The Miami neighborhood known as Little Haiti is the cultural heart for the Haitian Diaspora. The area boasts art galleries, Haitian book and music stores and the Little Haiti Cultural Center, which hosts dance and theater performances and is increasingly becoming a burgeoning center of small independent businesses.
This lavish ballet choreographed, composed and designed by Geoffrey Holder depicts real and imagined events in the life of the renowned Haitian painter, Hector Hyppolite. The goddess Erzulie and St. John the Baptist appear to the central character in a vision, inspiring his vivid, exotic illustrations of the African gods and goddesses that populate Holder's mystical theater and dance drama.
Grand Rue is the main avenue that runs through downtown Port au Prince, Haiti. At its southern end is a community that has a historical tradition of arts, crafts and religious practice. Contemporary Haitian artists Celeur, Eugène, Claude and Guyodo all grew up in this ghetto atmosphere of junkyard make-do and artistic endeavour. Their powerful sculptural collages of have transformed the detritus of a failing economy into bold, radical and warped sculptures. Their work references their shared African & Haitian cultural heritage, a dystopian sci-fi view of the future and the transformative act of assemblage. The monumental works they have created are liberally scattered around this slum area, transforming the clamorous area into an organic art installation. This multi-layered film is a portrait of a neighbourhood both materially poor but culturally rich, and a meditation of the links between sex, death and creativity as expressed through the Vodou spirit Gede, that influences all their work. (2008)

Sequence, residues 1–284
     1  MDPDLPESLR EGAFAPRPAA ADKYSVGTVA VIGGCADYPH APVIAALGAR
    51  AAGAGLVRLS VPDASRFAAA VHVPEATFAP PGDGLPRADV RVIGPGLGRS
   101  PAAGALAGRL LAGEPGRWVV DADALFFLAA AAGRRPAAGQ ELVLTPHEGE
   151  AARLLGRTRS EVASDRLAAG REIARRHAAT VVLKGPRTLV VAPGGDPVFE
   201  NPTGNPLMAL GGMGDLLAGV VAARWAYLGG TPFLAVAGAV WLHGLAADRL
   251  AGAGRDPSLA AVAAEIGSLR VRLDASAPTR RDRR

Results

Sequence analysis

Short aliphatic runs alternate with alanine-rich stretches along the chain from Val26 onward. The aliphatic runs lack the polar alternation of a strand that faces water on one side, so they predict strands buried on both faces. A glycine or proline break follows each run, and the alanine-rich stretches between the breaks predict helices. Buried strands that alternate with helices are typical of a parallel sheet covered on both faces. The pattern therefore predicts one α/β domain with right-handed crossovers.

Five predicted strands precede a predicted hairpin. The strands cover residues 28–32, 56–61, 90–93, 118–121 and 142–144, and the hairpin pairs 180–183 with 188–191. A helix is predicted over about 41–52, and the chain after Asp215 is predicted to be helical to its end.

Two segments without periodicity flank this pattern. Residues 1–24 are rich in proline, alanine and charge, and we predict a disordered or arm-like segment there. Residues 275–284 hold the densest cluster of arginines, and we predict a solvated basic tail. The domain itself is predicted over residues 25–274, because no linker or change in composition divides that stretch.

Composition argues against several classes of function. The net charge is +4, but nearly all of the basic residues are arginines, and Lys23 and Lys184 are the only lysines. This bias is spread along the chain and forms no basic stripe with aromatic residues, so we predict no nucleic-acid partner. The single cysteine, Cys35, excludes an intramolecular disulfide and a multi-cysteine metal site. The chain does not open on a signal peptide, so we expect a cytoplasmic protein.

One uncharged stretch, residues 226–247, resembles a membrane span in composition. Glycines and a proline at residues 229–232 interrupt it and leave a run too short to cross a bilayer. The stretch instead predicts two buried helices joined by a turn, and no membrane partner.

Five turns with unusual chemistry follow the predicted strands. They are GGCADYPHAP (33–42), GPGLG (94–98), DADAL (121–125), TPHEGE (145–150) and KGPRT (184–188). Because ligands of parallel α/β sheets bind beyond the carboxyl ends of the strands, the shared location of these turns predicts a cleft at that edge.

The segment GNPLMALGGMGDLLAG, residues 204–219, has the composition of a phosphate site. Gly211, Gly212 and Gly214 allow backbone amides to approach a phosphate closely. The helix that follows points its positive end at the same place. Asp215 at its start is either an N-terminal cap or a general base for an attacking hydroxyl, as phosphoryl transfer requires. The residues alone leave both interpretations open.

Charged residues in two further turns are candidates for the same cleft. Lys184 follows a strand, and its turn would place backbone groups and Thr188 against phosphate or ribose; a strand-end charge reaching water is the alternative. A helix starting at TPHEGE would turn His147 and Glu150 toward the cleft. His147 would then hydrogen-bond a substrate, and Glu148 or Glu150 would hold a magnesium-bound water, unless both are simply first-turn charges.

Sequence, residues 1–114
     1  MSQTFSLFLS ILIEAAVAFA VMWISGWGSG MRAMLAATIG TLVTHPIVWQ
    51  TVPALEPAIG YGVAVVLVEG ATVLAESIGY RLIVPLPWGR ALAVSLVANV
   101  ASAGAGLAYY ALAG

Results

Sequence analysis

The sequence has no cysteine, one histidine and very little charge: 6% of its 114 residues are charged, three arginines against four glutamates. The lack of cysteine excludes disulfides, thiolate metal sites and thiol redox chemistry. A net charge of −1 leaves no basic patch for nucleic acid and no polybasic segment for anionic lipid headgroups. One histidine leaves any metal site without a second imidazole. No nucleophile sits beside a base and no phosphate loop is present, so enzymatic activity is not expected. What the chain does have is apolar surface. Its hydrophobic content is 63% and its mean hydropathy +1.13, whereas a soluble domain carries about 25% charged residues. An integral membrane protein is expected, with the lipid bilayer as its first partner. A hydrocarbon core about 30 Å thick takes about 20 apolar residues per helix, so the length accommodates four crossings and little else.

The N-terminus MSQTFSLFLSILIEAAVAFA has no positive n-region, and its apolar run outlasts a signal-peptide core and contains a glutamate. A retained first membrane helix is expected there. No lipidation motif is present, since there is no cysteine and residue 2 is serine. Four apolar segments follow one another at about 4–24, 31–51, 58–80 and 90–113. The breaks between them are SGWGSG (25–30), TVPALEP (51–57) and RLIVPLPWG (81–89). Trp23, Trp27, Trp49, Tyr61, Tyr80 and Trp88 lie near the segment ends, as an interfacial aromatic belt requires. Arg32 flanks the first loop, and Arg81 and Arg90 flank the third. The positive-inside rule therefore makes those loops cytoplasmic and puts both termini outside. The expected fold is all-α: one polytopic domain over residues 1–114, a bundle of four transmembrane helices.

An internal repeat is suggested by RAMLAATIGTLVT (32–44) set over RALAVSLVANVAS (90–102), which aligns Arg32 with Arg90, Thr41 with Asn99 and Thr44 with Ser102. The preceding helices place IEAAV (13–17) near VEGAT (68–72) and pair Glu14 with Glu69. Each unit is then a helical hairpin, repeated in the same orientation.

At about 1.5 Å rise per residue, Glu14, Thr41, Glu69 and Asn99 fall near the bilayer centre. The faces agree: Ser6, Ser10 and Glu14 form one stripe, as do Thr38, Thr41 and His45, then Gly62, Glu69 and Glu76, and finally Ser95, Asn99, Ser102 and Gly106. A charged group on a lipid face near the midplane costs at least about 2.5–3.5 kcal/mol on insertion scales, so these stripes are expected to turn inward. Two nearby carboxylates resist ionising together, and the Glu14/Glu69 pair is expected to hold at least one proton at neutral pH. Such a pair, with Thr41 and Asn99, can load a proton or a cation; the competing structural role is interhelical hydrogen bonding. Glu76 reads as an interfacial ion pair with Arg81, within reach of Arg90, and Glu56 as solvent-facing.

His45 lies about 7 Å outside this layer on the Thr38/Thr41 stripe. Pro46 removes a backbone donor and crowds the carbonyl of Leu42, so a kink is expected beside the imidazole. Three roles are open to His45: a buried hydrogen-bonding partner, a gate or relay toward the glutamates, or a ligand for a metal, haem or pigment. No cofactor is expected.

This film was made in 2008 when all the artists were part of Atis Rezistans but currently only Andre Eugene and Claude Saintilus remain in the group and Guydo and Celeur Jean-Herard are independent of the goup.
2009 April:: Puerto Rico Ethnographic Film Festival (prize winner), San Juan
2009 May:: World Nomads Film Festival, Maysles Institute, Harlem NY
2009 June:: Mercredis, Musee de l'Homme, Paris
2012 Sept:: In Extremis, Fowler Museum, UCLA, USA
2012:: Kafou: Haiti, Art & Vodou, Nottingham Contemporary, UK
2012:: Taboo, Museum of Contemporary Art, Sydney
Amy Théard is a Haitian-born artist, based in New York. She is also the daughter of the late Haitian artist Carol Théard. During a year long stay in her native country of Haiti, Amy discovered her passion for art. Her work is a mixture of Haitian style with a contemporary modern flare.